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And the Dead Shall Rise: The Murder of Mary Phagan and the Lynching of Leo Frank Paperback – October 12, 2004
"Children of Blood and Bone"
Tomi Adeyemi conjures a stunning world of dark magic and danger in her West African-inspired fantasy debut. Pre-order today
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In 1913, 13-year-old Mary Phagan was found brutally murdered in the basement of the Atlanta pencil factory where she worked. The factory manager, a college-educated Jew named Leo Frank, was arrested, tried, and convicted in a trial that seized national headlines. When the governor commuted his death sentence, Frank was kidnapped and lynched by a group of prominent local citizens.
Steve Oney’s acclaimed account re-creates the entire story for the first time, from the police investigations to the gripping trial to the brutal lynching and its aftermath. Oney vividly renders Atlanta, a city enjoying newfound prosperity a half-century after the Civil War, but still rife with barely hidden prejudices and resentments. He introduces a Dickensian pageant of characters, including zealous policemen, intrepid reporters, Frank’s martyred wife, and a fiery populist who manipulated local anger at Northern newspapers that pushed for Frank’s exoneration. Combining investigative journalism and sweeping social history, this is the definitive account of one of American history’s most repellent and most fascinating moments.
The People v. Leo Frank is now a motion picture based on the book And the Dead Shall Rise: The Murder of Mary Phagan and the Lynching of Leo Frank, starring Will Janowitz and Seth Gilliam. Enjoy these images from the film, and click the thumbnails to see larger images.
From Publishers Weekly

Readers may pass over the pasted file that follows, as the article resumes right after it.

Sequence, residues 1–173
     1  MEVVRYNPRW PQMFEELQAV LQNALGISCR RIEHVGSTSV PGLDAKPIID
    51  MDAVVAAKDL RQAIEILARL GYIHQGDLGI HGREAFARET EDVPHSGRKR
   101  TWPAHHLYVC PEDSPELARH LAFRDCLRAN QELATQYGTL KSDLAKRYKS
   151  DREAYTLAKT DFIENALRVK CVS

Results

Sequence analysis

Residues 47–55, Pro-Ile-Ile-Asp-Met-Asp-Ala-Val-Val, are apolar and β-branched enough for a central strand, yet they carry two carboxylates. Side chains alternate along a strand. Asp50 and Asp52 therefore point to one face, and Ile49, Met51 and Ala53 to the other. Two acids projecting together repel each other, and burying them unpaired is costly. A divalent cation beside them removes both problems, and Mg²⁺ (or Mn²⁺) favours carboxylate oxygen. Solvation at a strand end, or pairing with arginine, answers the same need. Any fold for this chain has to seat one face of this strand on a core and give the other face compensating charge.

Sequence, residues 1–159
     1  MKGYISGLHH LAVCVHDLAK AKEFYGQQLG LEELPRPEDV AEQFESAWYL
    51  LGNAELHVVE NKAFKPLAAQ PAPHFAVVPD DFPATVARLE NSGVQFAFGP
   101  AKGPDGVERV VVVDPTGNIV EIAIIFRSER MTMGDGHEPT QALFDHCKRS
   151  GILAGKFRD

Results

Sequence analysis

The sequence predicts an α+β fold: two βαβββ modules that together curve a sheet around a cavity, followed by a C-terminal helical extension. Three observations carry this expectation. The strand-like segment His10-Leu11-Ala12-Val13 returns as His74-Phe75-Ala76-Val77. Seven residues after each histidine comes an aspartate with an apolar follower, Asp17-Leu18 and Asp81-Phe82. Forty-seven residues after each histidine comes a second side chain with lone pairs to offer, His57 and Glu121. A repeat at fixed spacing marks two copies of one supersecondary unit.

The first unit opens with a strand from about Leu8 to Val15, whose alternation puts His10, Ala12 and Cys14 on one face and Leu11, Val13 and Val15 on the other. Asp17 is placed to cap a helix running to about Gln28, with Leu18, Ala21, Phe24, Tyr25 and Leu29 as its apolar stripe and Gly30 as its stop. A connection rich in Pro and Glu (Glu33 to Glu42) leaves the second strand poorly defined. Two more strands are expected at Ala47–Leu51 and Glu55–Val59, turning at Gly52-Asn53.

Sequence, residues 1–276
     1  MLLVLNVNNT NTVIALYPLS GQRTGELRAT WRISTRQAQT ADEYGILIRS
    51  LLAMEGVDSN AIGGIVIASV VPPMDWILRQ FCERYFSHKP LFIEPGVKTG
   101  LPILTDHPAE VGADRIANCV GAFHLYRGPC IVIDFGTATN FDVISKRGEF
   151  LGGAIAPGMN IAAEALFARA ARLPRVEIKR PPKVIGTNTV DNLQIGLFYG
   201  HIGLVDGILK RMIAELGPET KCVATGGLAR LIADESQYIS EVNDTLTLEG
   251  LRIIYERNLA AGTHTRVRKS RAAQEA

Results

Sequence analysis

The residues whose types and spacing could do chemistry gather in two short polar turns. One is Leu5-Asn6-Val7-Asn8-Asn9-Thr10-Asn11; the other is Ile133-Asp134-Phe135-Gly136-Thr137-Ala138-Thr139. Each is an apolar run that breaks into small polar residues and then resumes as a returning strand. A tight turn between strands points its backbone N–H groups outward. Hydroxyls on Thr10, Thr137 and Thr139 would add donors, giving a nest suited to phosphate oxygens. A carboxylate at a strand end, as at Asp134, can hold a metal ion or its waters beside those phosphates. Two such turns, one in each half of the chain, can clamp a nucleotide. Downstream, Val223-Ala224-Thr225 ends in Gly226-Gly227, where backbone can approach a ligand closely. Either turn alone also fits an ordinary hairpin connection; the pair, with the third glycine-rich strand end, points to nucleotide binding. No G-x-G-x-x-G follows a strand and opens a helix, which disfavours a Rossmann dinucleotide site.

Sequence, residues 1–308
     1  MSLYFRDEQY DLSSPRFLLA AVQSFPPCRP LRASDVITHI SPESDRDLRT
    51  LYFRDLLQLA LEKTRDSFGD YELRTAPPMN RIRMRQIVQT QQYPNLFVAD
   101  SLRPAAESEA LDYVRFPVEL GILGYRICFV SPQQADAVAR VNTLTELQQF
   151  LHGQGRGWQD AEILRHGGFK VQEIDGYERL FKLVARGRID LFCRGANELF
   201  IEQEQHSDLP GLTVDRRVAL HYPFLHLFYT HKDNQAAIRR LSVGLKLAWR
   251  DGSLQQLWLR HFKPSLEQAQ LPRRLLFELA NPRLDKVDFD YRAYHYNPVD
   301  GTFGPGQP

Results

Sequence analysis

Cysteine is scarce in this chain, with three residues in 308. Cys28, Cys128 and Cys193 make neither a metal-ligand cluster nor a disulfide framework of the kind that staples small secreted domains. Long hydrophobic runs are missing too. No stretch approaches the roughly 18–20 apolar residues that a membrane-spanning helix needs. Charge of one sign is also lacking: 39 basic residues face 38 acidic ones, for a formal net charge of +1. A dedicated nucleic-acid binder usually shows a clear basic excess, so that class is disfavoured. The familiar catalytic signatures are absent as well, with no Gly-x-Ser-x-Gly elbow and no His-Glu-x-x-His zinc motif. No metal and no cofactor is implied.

The 1913 lynching of Leo Frank is one of the most sensational and resonant incidents in U.S. criminal and legal history, and a touchstone of American anti-Semitism. Frank, a Northern Jew, was the manager of an Atlanta, Ga., pencil factory where 13-year-old Mary Phagan worked and was brutally murdered. After he was charged with the crime and arrested, Frank's religion and ethnicity were an unarticulated but central theme of the dramatic, two-year-long trial that garnered worldwide attention. Frank was convicted of Phagan's murder and sentenced to death, but the governor commuted the sentence to life imprisonment. Georgians' anti-Semitism then reached a fever pitch, and Frank was dragged from his prison cell by a lynch mob and hanged near Phagan's hometown. Since then the Leo Frank case has become an emblem of American intolerance, inspiring a 1937 Hollywood movie, They Won't Forget, and a 1998 Broadway musical, Parade. Surprisingly, though, the Frank case has generated very few works of political or cultural analysis, an exception being Leonard Dinnerstein's The Leo Frank Case, originally published in 1968 and reissued in a slightly revised edition in 1986. Oney's is the best book on the subject to date. Oney, who spent years as a reporter at the Atlanta Journal-Constitution, has written not only the definitive account of the murder, trial and lynching but also a stirring, eminently readable, and thrilling narrative. Oney has read extensively through court transcripts, contemporary newspaper articles, judicial and legal documents, and personal papers, uncovering new and unsettling material, most notably, that the men who planned Frank's lynching-they referred to themselves as the Knights of Mary Phagan-were, or became, very important state politicians. The historical canvas here is broad, and Frank's story becomes a tapestry of American ethnicity, fear, hate and power. Oney carefully maps the history of the Jewish community in the South; the role that New York newspapers played in publicizing the trial and attacking anti-Semitism; and the complex role that racism and the interactions between black and white Georgians played in Frank's conviction. This complex turmoil comes together when, out of the blue, Oney details a suspenseful, beautifully detailed plot twist involving William Smith, the lawyer for the only other suspect, a black man named Jim Conley. Oney has a reporter's eye for detail and a novelist's sense of storytelling. While the narrative-fashioned as a crime story-is vividly detailed and deeply compelling, we never lose a sense of Oney's exacting accuracy and serious historical intent. This is a vital addition to the literature of race, Jewish studies and Southern history.